Putin's Sept. 24 announcement that he will run for the presidency in 2012 after four years as prime minister cemented a perception that Putin has locked himself into a job only he can do.

"He has created a system where no one but he can be president, a system only he can rule. It is an historical trap," Grigory Yavlinsky, founder of the small Yabloko party which ran against Putin's party in the Sunday vote, said in an interview.

"It is completely obvious to everyone that everything cannot stay as it is. You are spectators at a moment in history when those deep historical shifts are taking place," he said

Yavlinsky said that Russians were employing a weapon they have used against tsars and general secretaries for centuries: turning away from the leader, a trend underlined by the jokes Russians use to satirize their masters in the Kremlin.

"Putin has long outgrown the position of president. He is the chief (vozhd). His place is in the mausoleum," goes one such joke, referring the mausoleum on Red Square which houses the embalmed body of communist state founder Vladimir Lenin.

With the resources of state behind him, Putin is almost certain to win the March 4 presidential election but opponents fear he will usher in a period of stagnation that could set Russia on the path to turmoil.

After winning in 2012, he is free to run for another term from 2018 to 2024, a quarter of a century after he rose to prominence in late 1999.

"While Putin's power will remain unchallenged, the political system is more vulnerable," said Christopher Granville, managing director at Trusted Sources, a research firm specializing in emerging markets.

"Putin's decision to run again and to hold onto power has accentuated that disenchantment with him and the ruling establishment he leads," said Granville, who has also served as a British diplomat in Moscow.

Party problems lead to Putin's problems

United Russia's failure was Putin's failure.

United Russia had to fight against opponents who have branded it as a collection "swindlers and thieves", a slogan it dismisses as the invention of those who wish to destroy Russia.

Putin added to confusion in the campaign by making Medvedev lead United Russia, a difficult job for a party which views Putin as its main electoral asset.

Such was the embarrassment with the election results that Medvedev, unshaven and tired, evoked nervous laughs at campaign headquarters when he quipped in front of Putin that at least it was clear United Russia would get into parliament.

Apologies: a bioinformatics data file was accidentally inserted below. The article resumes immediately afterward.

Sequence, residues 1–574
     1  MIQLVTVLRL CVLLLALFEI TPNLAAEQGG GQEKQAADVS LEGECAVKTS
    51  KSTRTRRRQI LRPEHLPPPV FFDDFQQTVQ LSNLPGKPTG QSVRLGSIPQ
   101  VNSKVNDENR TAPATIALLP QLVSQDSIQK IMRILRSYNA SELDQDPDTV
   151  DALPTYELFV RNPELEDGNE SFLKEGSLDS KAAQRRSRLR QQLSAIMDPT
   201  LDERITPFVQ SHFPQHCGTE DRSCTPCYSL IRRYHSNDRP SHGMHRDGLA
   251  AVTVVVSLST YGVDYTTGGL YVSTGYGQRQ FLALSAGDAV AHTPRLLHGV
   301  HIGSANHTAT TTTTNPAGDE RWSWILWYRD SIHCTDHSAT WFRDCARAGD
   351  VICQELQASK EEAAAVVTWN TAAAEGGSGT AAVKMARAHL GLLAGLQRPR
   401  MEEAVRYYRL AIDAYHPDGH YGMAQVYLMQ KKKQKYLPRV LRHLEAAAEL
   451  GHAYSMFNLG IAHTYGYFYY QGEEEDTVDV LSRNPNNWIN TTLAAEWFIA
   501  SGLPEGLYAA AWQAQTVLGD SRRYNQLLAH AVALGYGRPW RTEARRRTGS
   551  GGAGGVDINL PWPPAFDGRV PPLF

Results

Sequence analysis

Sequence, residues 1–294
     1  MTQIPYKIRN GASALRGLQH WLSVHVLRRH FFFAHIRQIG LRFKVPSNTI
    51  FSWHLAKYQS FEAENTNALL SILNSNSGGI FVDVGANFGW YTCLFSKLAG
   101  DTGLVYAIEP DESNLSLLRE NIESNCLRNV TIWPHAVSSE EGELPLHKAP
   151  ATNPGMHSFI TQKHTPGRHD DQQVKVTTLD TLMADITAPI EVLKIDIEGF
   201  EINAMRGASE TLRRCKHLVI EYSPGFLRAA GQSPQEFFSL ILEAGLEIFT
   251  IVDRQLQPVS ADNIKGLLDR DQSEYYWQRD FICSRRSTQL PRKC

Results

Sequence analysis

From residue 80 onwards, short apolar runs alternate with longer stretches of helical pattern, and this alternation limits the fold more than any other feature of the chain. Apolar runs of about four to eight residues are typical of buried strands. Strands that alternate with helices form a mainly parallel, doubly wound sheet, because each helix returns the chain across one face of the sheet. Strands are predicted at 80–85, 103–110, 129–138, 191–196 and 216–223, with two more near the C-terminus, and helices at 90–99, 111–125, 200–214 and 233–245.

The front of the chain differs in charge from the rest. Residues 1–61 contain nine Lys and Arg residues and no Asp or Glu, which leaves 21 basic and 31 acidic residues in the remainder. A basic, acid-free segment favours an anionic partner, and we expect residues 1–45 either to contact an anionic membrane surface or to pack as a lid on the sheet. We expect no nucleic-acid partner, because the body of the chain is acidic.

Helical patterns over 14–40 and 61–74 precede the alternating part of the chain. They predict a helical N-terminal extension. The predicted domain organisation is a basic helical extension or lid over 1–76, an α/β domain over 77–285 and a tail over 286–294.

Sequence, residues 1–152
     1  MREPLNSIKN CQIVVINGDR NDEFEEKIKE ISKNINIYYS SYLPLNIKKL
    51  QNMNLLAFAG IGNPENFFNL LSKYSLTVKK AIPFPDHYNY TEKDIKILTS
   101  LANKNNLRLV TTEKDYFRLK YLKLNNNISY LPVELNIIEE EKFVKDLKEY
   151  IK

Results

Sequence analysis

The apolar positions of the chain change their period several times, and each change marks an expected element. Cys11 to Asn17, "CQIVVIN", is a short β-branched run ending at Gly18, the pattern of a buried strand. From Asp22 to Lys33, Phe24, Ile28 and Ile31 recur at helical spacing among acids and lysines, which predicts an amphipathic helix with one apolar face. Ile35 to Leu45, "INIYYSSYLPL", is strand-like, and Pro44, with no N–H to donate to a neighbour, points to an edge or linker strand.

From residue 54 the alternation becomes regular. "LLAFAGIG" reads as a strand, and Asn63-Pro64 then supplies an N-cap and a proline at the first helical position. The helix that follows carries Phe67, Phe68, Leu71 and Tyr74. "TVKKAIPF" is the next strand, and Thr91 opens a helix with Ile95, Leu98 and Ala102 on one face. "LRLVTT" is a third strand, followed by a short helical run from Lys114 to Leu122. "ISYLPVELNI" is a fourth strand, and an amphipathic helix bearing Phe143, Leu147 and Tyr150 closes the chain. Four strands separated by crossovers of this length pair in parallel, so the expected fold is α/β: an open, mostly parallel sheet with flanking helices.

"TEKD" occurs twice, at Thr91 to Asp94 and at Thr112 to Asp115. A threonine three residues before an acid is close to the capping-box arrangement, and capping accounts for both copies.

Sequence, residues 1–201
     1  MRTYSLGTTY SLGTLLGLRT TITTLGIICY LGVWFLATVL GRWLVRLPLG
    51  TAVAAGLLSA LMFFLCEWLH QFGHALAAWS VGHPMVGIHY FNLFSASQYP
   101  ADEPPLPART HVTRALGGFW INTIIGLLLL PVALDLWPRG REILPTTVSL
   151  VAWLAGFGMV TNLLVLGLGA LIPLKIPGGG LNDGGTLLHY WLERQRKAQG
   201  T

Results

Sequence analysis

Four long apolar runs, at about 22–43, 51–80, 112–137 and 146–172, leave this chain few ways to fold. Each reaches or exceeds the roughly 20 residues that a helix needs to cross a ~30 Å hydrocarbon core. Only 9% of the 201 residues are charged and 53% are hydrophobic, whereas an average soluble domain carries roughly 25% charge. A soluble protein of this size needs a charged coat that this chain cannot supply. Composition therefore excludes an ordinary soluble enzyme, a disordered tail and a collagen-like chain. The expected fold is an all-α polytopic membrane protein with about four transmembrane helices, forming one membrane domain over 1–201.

Personal disaffection could prove a problem for Putin if, as he has suggested in recent statements, Russia's $1.9 trillion economy is likely to be struck by a global slowdown and risk aversion due to the euro zone debt crisis.

When President Boris Yeltsin unexpectedly resigned on the last day of the millennium and handed over the nuclear suitcase to Putin, it was a breath of fresh air for many Russians.

Putin's vigor and even his sometimes crude language -- vowing to wipe out rebellious Chechens "in the shithouse" -- appealed to many Russians after the chaos which had accompanied the fall of the Soviet Union and thrown millions into poverty.

He promised order and reform and he was blessed with a bull market for the lifeblood of the Russian economy: oil.

Russian nominal gross domestic product (GDP) rose to $1.9 trillion this year from just $200 billion in 1999.

But for Russia's 143 million people, high prices, a slowdown in real wage growth, the crumbling welfare state, unemployment and corruption top the list of concerns.

To fix those problems, businessmen have been arguing for years that Putin should implement far reaching economic reforms to open up the economy. But such reforms would challenge some of the powerful barons who investors say surround Putin.

"Many Russians voted against the system and Putin is the head of that system," Stanislav Kucher, a commentator with Kommersant FM radio station.

"Putin has a very difficult choice. To survive politically he needs to reform but he can only reform if he gets rid of many vested interests in the ruling circle. To stay as he is means the opposite of political survival."